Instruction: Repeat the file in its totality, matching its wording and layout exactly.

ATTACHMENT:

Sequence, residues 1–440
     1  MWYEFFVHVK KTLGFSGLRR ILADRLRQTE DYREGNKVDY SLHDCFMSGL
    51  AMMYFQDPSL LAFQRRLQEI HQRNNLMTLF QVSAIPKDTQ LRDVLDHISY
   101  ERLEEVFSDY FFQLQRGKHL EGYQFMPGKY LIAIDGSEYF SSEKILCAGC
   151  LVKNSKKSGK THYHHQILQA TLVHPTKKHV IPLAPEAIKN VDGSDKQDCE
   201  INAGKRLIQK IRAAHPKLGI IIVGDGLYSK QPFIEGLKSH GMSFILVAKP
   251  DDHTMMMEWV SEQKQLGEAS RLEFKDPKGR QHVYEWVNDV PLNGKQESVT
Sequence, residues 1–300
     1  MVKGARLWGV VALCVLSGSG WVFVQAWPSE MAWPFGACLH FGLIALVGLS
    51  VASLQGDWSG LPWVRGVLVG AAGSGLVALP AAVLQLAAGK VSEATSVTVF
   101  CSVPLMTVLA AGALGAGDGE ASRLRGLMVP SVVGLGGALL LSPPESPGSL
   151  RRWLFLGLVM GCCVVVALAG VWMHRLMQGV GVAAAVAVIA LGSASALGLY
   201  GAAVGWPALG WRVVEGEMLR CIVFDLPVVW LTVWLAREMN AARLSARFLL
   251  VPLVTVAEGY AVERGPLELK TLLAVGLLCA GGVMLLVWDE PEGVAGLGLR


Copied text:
Sequence, residues 1–440
     1  MWYEFFVHVK KTLGFSGLRR ILADRLRQTE DYREGNKVDY SLHDCFMSGL
    51  AMMYFQDPSL LAFQRRLQEI HQRNNLMTLF QVSAIPKDTQ LRDVLDHISY
   101  ERLEEVFSDY FFQLQRGKHL EGYQFMPGKY LIAIDGSEYF SSEKILCAGC
   151  LVKNSKKSGK THYHHQILQA TLVHPTKKHV IPLAPEAIKN VDGSDKQDCE
   201  INAGKRLIQK IRAAHPKLGI IIVGDGLYSK QPFIEGLKSH GMSFILVAKP
   251  DDHTMMMEWV SEQKQLGEAS RLEFKDPKGR QHVYEWVNDV PLNGKQESVT
Sequence, residues 1–300
     1  MVKGARLWGV VALCVLSGSG WVFVQAWPSE MAWPFGACLH FGLIALVGLS
    51  VASLQGDWSG LPWVRGVLVG AAGSGLVALP AAVLQLAAGK VSEATSVTVF
   101  CSVPLMTVLA AGALGAGDGE ASRLRGLMVP SVVGLGGALL LSPPESPGSL
   151  RRWLFLGLVM GCCVVVALAG VWMHRLMQGV GVAAAVAVIA LGSASALGLY
   201  GAAVGWPALG WRVVEGEMLR CIVFDLPVVW LTVWLAREMN AARLSARFLL
   251  VPLVTVAEGY AVERGPLELK TLLAVGLLCA GGVMLLVWDE PEGVAGLGLR